The Woodland Caribou Atlantic-Gaspésie population is completely isolated from other caribou. Low population numbers make it vulnerable to catastrophic events and inbreeding depression (loss of vigour resulting from mating between closely related individuals). The amount of habitat is limited — when ice and snow conditions are extreme there is nowhere else to go to look for food. This population of Woodland Caribou is also threatened by predation (by coyotes and bears), human disturbance, fire, and climate change.
The Woodland Caribou, Atlantic-Gaspésie population, is protected under the federal Species at Risk Act (SARA). More information about SARA, including how it protects individual species, is available in the Species at Risk Act: A Guide.
The Woodland Caribou Atlantic-Gaspésie population is protected by the Quebec Act Respecting Threatened or Vulnerable Species. Under this Act it is prohibited to possess, trade or harm this species or disturb its habitat. This population occurs entirely within Gaspésie Provincial Park.
Provincial and Territorial Protection
Status of Recovery Planning
Recovery Strategies :
Name Gaspésie Woodland Caribou Recovery Plan (2002-2012) (Rangifer tarandus caribou)
Status Final posting on SAR registry
Name Amended Recovery Strategy for the Woodland Caribou (Rangifer tarandus caribou), Atlantic-Gaspésie Population, in Canada
Status First posting on SAR registry
Contact Person for Recovery Planning
Québec: Unité de planification de la conservation - Service canadien de la faune - Chair/Contact -
PLEASE NOTE: Not all COSEWIC reports are currently available on the SARA Public Registry. Most of the reports not yet available are status reports for species assessed by COSEWIC prior to May 2002. Other COSEWIC reports not yet available may include those species assessed as Extinct, Data Deficient or Not at Risk. In the meantime, they are available on request from the COSEWIC Secretariat.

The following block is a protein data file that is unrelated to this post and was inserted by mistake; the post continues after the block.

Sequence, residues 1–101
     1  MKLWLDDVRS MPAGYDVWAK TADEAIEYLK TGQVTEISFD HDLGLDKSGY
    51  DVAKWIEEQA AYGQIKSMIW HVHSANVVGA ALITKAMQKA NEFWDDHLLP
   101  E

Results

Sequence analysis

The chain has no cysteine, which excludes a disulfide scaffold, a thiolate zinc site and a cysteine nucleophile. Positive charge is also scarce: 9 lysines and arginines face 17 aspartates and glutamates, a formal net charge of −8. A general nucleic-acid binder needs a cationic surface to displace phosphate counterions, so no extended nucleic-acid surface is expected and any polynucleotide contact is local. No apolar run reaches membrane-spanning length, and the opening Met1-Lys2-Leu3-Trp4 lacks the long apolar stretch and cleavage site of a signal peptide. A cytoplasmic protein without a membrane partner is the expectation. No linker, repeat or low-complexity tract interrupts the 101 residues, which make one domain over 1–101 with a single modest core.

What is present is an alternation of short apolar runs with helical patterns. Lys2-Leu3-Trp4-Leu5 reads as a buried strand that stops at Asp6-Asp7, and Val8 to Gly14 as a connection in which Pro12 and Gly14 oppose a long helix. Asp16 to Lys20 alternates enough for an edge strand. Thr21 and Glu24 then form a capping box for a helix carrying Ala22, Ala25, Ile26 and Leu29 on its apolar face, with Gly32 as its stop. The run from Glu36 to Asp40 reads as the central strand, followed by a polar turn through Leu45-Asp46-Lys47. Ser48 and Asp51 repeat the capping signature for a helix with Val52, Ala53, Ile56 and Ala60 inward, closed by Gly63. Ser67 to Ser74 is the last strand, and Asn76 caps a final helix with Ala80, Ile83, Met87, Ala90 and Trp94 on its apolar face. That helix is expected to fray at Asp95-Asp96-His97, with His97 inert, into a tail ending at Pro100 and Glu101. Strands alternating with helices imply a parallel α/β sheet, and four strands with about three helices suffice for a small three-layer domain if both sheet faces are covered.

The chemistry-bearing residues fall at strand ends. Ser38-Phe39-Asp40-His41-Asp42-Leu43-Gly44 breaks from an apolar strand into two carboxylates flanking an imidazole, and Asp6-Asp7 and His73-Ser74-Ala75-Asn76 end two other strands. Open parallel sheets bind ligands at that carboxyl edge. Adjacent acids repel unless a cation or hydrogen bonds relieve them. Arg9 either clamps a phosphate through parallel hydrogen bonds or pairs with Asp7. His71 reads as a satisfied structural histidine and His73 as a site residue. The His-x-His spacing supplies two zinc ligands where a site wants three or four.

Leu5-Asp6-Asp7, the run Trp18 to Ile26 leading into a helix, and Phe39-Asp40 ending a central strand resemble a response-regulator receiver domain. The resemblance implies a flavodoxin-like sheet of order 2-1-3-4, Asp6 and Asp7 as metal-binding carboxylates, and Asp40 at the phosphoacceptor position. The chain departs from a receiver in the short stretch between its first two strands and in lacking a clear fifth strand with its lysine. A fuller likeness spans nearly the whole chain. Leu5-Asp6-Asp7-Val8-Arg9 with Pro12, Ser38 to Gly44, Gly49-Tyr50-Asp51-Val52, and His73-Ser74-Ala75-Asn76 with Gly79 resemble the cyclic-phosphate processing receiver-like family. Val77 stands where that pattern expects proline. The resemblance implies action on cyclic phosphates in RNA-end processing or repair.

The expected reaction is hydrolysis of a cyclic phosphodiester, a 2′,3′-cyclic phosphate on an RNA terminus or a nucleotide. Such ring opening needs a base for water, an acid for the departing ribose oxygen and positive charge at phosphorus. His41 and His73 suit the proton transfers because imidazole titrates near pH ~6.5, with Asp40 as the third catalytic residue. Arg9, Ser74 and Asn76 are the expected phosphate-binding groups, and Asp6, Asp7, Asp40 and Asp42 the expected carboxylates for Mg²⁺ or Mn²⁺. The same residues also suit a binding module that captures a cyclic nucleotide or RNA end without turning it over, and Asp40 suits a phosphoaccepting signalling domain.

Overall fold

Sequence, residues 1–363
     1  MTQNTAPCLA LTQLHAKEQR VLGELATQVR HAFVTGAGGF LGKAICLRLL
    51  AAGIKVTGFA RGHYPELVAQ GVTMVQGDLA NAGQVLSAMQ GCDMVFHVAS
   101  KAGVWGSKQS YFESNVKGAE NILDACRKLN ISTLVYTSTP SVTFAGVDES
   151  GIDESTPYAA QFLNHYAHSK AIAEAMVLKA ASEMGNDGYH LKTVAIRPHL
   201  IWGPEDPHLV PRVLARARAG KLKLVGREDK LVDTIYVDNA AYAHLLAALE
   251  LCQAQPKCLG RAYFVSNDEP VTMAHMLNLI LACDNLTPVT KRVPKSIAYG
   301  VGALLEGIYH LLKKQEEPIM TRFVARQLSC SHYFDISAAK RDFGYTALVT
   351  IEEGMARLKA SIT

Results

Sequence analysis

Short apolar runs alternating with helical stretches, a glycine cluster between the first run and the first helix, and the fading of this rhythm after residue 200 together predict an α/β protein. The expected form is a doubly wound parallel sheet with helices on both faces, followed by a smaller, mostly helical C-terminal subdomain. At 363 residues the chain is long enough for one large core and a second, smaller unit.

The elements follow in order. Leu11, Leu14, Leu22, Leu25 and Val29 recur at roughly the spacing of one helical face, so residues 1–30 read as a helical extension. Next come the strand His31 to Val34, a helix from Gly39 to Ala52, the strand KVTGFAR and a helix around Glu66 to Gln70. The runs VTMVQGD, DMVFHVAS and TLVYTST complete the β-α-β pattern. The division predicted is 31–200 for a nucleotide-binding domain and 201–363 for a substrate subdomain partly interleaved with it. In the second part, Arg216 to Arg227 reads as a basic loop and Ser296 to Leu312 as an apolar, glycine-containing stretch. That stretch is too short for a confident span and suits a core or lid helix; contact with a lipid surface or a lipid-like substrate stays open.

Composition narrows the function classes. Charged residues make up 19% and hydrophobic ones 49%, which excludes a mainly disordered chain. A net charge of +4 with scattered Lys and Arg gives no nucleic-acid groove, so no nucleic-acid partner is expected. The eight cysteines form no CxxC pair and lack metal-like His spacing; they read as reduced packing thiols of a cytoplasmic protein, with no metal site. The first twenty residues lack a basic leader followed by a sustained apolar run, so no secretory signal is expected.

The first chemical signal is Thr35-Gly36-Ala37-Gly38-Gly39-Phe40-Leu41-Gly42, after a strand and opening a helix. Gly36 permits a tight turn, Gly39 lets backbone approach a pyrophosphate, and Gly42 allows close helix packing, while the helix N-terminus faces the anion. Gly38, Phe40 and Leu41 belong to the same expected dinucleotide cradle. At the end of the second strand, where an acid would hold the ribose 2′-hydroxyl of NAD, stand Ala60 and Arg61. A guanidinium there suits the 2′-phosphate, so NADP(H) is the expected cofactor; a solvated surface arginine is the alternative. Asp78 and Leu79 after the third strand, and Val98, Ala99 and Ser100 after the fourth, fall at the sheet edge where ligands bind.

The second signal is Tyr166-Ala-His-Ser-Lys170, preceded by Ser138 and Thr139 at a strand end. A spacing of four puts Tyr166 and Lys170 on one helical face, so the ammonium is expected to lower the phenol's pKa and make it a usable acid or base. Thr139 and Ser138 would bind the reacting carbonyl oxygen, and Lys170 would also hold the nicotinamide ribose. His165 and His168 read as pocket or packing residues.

6 record(s) found.
- COSEWIC Status Reports (2 record(s) found.)
- Response Statements (2 record(s) found.)
- Recovery Strategies (1 record(s) found.)
- COSEWIC Annual Reports (1 record(s) found.)
COSEWIC Status Reports
Response Statements - Woodland Caribou (2004-04-21)A response statement is a communications document that identifies how the Minister of the Environment intends to respond to the assessment of a wildlife species by the Committee on the Status of Endangered Wildlife in Canada (COSEWIC). The document provides a start to the listing and recovery process for those species identified as being at risk, and provides timelines for action to the extent possible.
COSEWIC Annual Reports
COSEWIC Annual Report - 2014-2015 (2015-11-20)Under Canada’s Species at Risk Act (SARA), the foremost function of COSEWIC is to "assess the status of each wildlife species considered by COSEWIC to be at risk and, as part of the assessment, identify existing and potential threats to the species". COSEWIC held two Wildlife Species Assessment Meetings in this reporting year (October, 2014 to September, 2015) from November 23 to November 28, 2014 and from April 27 to May 1, 2015. During the current reporting period, COSEWIC assessed the status or reviewed the classification of 56 wildlife species. The wildlife species assessment results for the 2014-2015 reporting period include the following: Extinct: 0 Extirpated: 1 Endangered: 21 Threatened: 11 Special Concern: 21 Data Deficient: 1 Not at Risk: 1 Total: 56 Of the 56 wildlife species examined, COSEWIC reviewed the classification of 40 that had been previously assessed. The review of classification for 24 of those wildlife species resulted in a confirmation of the same risk status as the previous assessment.